We first heard The Honey Dewdrops a few years ago at the Folk Alliance conference, and we were immediately captivated by their beautiful harmonies and timeless songwriting. Now we're helping publicize their brand-new album, Silver Lining, and we couldn't be happier to be working with such fine musicians. Though they both trained originally as teachers, we're all lucky that husband and wife duo Laura Wortman and Kagey Parrish decided to dedicated themselves to acoustic roots music instead. With their home nestled in the foothills of Virginia's Blue Ridge Mountains, the music of The Honey Dewdrops is subtly infused with the sounds and spirit of Appalachia. It's the kind of music rooted closely to home, but able to travel far and wide. We hope you'll enjoy this album as much as we have!
The Honey Dewdrops: Silver Lining
Sometimes you gotta get away to get it right. Husband and wife duo The Honey Dewdrops did just that in order to record their newest album, Silver Lining. They set up shop on an old farm in Catawba, Virginia, atop a hill that looks east to Roanoke, and invited their best friends over to help tune guitars, craft songs, cook savory meals, keep the creativity flowing, make hot tea, and uncork the wine. The result is a remarkably homey recording that sounds so much larger than the two people at the center of the music. Beautiful harmonies flow together effortlessly, as quick as a second thought, and the acoustic instruments drift along the backroads of the music, between hills clouded with wood smoke. It’s music made in the foothills of the Blue Ridge Mountains, beholden not to ancient traditions, but to the spirit of the hills, to the handmade, community music that came before.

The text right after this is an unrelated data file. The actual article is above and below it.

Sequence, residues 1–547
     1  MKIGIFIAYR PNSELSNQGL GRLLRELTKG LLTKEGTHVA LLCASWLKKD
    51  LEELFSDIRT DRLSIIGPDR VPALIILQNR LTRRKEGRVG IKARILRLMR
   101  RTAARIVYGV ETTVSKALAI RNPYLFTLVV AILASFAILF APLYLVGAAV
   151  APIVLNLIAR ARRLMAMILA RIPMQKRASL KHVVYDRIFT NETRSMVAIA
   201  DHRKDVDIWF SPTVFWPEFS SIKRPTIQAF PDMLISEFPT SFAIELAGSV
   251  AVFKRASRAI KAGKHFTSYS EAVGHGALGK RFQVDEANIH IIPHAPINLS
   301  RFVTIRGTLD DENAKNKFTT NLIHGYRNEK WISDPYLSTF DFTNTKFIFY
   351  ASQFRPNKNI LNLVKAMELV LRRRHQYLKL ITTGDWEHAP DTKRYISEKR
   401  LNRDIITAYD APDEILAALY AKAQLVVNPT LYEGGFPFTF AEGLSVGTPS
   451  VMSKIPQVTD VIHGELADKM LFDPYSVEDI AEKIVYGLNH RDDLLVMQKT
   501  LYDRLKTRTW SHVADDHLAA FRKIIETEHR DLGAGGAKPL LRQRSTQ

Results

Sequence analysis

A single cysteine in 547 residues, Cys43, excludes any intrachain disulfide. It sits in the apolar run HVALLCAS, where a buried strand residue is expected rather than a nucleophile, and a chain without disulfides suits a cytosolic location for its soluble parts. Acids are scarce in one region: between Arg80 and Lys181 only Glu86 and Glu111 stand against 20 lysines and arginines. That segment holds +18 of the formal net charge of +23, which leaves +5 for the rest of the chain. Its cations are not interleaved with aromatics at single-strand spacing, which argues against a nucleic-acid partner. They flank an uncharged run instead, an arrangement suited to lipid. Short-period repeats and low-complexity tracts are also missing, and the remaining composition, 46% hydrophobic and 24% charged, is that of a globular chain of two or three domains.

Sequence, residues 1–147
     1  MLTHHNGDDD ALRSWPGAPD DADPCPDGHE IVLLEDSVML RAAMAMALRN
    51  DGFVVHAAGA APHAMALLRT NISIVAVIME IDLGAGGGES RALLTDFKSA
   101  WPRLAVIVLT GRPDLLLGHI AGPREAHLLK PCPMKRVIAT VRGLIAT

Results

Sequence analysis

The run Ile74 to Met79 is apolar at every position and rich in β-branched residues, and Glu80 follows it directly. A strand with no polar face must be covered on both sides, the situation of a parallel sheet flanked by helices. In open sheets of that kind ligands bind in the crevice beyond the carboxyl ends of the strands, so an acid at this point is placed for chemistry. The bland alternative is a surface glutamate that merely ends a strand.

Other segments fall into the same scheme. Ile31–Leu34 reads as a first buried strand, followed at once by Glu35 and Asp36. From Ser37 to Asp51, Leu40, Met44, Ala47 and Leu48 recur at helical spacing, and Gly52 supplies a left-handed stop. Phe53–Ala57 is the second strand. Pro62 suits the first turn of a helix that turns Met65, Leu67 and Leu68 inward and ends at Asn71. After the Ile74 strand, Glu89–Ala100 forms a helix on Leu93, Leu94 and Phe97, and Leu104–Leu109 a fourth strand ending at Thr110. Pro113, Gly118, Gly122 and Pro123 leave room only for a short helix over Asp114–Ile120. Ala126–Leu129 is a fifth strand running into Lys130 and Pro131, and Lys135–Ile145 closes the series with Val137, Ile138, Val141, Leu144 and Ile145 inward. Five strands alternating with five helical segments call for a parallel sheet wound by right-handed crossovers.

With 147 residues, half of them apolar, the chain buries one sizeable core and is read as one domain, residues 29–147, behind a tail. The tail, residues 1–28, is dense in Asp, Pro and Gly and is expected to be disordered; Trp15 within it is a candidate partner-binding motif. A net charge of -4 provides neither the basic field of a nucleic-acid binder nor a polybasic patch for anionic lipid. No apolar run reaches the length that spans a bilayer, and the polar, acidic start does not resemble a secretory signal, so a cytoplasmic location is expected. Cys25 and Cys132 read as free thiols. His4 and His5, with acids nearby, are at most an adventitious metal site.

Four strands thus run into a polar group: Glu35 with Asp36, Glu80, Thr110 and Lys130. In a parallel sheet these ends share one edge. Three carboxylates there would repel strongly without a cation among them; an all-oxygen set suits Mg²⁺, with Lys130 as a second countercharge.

Laura Wortman and Kagey Parrish, the husband-wife duo that make up The Honey Dewdrops, represent, viscerally, what most folk musicians aspire towards: they are deeply rooted in their community yet accessible to listeners everywhere. Their sound is transcendent; they write all their own songs and yet no one could ever peg them as just another singer-songwriter couple, not when they’ve embedded a sparse Appalachian clarity on every track. It’s easy to feel overwhelmed by the many Appalachian old-timey groups around today, but what The Honey Dewdrops have is both timeless and entirely memorable. Like the Appalachian Trail that runs through their backyard, The Honey Dewdrops are one step removed from pure wilderness, and yet they capture a clarity that grabs listeners hard and strong. They are, without doubt, one of the sweetest honey-rich sounds you’ll hear this year.